Jeremy Hunt hopes to raise £14bn next year after increasing the windfall tax on oil and gas companies and reining in the profits of electricity generators.
The chancellor also confirmed that the existing windfall tax on North Sea oil and gas operators, the energy profits levy, will be raised from 25% to 35% and extended by two years, until March 2028.
He said the tax would be extended from 1 January to apply to “low carbon electricity generators”, which includes wind, solar and nuclear generators, and be levied at 45%; a 40% rate had been expected.
Hunt said he expected the two taxes to raise £14bn next year.
Shares in the power station owners Centrica, Drax and SSE fell sharply moments after Hunt’s announcement. Oil and gas stocks were broadly unmoved.
The chancellor said that most countries are still paying for the consequences of the pandemic and that this has been worsened “by a made-in-Russia energy crisis”. He said energy prices have risen to eight times their historic average.
He had “no objection to windfall taxes if they are genuinely about windfall profits caused by expected conditions in energy prices. Any such tax should be temporary, not deter investment and recognise the cyclical nature of energy businesses.”
It is understood that Treasury officials will meet energy bosses on Friday to discuss the proposals.
The surge in gas prices, in part fuelled by Russia’s invasion of Ukraine, has handed a surprise lift in profits to oil and gas companies, and generators including nuclear power stations and windfarms on older contracts.
Officials have spent more than six months examining methods of taxing electricity generators, some of which have enjoyed big profits on the back of soaring power prices – which are linked to the rising wholesale cost of natural gas, even for renewable power such as wind and solar – while their costs remained largely stable. Companies have argued that a tax on generators could deter investment in green energy and would be difficult to design in a fair manner because many companies had sold most of their power ahead, reducing their windfall.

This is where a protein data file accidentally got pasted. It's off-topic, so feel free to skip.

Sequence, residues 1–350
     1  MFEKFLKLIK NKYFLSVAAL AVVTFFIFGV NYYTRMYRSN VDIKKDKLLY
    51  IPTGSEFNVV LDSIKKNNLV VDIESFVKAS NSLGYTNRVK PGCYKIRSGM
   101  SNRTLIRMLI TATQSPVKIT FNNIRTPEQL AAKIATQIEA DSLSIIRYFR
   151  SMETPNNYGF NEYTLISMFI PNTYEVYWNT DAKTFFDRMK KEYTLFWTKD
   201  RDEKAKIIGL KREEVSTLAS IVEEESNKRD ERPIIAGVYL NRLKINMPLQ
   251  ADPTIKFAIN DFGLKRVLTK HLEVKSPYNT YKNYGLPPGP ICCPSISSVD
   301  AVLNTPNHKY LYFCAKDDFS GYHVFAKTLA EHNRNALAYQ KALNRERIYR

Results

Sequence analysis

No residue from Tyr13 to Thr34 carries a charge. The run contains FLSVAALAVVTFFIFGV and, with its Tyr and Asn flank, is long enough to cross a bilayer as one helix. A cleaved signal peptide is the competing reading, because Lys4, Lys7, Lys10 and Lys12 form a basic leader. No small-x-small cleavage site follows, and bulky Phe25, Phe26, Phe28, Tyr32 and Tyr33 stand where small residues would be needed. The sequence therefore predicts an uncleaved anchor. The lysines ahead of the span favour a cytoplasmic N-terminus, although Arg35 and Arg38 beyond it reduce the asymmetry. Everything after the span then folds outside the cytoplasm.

However, the energy profits levy has been criticised as it does not extend to the excess cash generated by oil and gas giants’ trading, refining and forecourts divisions. Hunt did not alter the levy to reach these windfalls.
Alice Harrison, fossil fuels campaign leader at Global Witness, said: “The British public has every right to be angry when just a few weeks ago BP and Shell announced combined profits of £15bn in only the third quarter of this year.
“This so-called windfall tax and budget doesn’t go anywhere near what’s needed to protect UK citizens that are being dragged into poverty, and barely touches the sides of the immense profits that energy companies have been amassing.”
Hunt confirmed during his speech that the energy crisis had added £150bn to bills this year. The move to restrict profits on electricity generators represents a departure from the former prime minister Liz Truss’s plan to cap the revenues of renewable and nuclear power producers from next year, in line with the EU’s “revenue cap”. The government has worked on plans to shift companies on a voluntary basis to contracts for difference, which cap their revenues but guarantee them a long-term income. However, industry sources said negotiations had stalled in recent weeks and the plan would not be implemented imminently.